While we were at the Hogar, Mother Ivonne had given us the task to write down our most memorable moment. I ended up writing about two of the children I spent the most time with at the hot pools, Kevin and Cathy, who are 5 and 4: “Playing with Kevin and Cathy at the hot pools is a memory I will always keep with me. Cathy is just the sweetest little angel. We had so much fun playing in the water, and her giggling shy smile is so pure. I have a very special bond with Kevin and knew of him before I even came to the Hogar. His laughter will always ring in my ears, and his smile has found a permanent place in my heart.” This was just one moment. There were so many.
One of the greatest blessings I received at the Hogar was getting to spend my 27th birthday there. We traveled to the monastery that day, which is about an hour away; here the new orphanage is being built. What an incredible place! The church sits high on the mountainside above Lake Amatitlan and is like a spiritual lighthouse for all to see. The nuns own almost the entire mountainside, and the difference between where the orphanage is now (in the middle of Guatemala City) and the new location in San Miguel is like the difference between night and day. Once the move is complete, the children can finally move away from the crime, pollution, and violence of the city and enjoy their own little paradise.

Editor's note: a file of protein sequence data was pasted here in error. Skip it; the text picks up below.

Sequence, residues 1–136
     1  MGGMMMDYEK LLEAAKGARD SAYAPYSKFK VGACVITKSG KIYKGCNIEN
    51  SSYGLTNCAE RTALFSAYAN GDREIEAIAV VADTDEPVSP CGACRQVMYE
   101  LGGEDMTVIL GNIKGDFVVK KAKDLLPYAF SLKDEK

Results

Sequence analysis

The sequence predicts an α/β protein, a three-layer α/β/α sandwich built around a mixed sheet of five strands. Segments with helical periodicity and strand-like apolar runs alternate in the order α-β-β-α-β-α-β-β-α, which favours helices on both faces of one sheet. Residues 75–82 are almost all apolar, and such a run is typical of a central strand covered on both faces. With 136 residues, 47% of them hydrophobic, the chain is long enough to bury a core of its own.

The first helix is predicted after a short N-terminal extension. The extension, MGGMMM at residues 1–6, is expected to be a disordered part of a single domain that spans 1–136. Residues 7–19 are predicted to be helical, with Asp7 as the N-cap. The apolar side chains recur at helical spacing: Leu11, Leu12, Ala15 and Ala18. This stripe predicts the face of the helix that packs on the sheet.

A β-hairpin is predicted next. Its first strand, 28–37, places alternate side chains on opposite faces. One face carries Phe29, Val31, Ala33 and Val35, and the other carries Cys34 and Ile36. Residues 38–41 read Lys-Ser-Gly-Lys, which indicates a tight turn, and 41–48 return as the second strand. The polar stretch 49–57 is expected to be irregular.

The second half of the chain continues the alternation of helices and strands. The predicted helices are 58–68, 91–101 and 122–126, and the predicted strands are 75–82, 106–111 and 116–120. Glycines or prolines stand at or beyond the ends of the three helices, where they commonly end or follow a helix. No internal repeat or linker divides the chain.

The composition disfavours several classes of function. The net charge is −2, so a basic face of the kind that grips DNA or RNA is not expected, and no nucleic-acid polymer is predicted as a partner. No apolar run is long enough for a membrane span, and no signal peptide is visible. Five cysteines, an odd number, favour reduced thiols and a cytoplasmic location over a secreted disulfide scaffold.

The orphanage is under the care of three Orthodox nuns and presently cares for around 60 children, but that number has reached nearly 150 at times. Many are victims of physical and sexual abuse, and it is very hard to hear their stories. However, as Fr. Nick Jonas, our team leader so wonderfully put it, “The children of the Hogar are being healed through practicing the Orthodox Christian way of life in all its fullness!” One of the things you are immediately struck by is their participation in the life of the Church, which includes services twice a day. The children are not required to go, yet most, if not all, attend. The children are the choir, chanters, and readers; the children serve in the altar and do the censings; the children light the candles, ring the bells, and clean the church. It is truly an amazing thing to experience. After my first service, I wrote in my journal, “Their praise to God is so sincere. I wish my parish family could see and experience it. They would be so moved.” I truly wish you could have experienced it.